Child-child similarity on attachment and temperament as predictors of positive interaction during acquaintanceship at age 3


Child- child similarity on attachment and temperament were examined, in turn, as predictors of interaction quality between previously unacquainted children. At 33 months, child-mother attachment security was assessed, and parents reported on child temperament. At 39 months, 114 children were randomly paired into 57 same-sex dyads and observed during 3 laboratory visits over a 1-month period. Positive interaction (composed of ratings of dyadic coordination, social play complexity, and shared positive affect) was assessed from recordings of play sessions at each visit. Multilevel models revealed that child- child similarity on (a) attachment security predicted more rapid increases in positive interaction across the 3 visits for dyads averaging high security, (b) temperamental pleasure predicted more positive interaction, on average, for dyads averaging moderate to high pleasure, and (c) temperamental anger and fearfulness yielded equivocal results. Developmental and methodological implications of investigating child- child similarity on attachment and temperament as a window into the acquaintanceship process among young children are considered.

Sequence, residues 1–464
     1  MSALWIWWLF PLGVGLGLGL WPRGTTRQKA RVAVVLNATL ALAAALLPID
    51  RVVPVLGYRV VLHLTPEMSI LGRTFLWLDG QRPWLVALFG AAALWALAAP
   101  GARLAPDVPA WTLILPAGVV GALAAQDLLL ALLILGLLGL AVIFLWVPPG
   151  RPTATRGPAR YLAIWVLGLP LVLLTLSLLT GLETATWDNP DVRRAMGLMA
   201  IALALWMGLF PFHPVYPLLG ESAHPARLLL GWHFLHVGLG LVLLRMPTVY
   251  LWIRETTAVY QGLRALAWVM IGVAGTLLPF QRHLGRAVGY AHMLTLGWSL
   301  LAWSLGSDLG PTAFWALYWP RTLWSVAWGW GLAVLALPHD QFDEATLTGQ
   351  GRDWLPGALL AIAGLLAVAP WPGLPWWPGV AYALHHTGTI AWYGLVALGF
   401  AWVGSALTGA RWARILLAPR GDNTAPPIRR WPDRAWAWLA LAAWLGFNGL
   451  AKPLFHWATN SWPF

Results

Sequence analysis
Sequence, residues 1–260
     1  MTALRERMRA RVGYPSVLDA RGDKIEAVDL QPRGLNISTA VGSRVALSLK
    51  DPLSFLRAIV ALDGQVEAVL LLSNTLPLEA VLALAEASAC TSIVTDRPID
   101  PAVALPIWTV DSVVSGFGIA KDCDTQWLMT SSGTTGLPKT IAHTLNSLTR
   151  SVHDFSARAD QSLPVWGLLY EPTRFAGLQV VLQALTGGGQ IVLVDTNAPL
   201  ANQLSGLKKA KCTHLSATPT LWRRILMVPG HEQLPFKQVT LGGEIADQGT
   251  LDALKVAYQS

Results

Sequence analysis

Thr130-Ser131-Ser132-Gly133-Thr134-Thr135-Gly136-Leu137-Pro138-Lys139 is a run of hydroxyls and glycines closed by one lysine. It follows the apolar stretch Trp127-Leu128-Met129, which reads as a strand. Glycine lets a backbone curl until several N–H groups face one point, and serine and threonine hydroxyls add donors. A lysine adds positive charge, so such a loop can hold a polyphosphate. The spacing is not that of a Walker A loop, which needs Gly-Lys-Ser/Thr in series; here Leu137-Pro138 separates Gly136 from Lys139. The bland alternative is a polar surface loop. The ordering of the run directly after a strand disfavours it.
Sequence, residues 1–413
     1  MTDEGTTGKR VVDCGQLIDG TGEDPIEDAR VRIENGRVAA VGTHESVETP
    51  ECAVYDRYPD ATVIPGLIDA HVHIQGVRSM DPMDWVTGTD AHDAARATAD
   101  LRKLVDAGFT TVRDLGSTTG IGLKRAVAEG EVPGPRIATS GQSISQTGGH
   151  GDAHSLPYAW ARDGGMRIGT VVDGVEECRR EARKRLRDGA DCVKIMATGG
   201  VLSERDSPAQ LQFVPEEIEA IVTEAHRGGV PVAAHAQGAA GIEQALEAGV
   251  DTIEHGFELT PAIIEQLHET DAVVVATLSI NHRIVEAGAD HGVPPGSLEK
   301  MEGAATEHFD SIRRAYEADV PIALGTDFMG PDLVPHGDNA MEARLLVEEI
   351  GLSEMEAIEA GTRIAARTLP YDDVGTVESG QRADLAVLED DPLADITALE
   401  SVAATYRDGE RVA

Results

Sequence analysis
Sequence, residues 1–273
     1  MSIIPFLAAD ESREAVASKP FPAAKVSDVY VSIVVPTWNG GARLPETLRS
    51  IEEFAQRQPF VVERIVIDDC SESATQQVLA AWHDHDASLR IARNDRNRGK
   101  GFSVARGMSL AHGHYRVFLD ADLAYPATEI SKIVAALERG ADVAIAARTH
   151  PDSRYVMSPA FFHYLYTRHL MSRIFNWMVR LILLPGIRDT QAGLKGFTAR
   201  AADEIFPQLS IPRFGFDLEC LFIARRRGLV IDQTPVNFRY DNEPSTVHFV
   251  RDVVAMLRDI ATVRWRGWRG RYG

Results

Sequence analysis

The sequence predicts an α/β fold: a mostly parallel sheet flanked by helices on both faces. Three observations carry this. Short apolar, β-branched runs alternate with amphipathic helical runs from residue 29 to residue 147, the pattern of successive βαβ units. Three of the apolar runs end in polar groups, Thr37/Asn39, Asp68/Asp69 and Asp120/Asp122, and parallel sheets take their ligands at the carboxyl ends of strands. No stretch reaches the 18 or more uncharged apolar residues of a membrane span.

Original languageEnglish (US)
Pages (from-to)1394-1408
Number of pages15
JournalDevelopmental psychology
Issue number9
StatePublished - Sep 1 2016



  • Acquaintanceship
  • Attachment
  • Peer interaction
  • Preschool children
  • Temperament

ASJC Scopus subject areas

  • Demography
  • Developmental and Educational Psychology
  • Life-span and Life-course Studies

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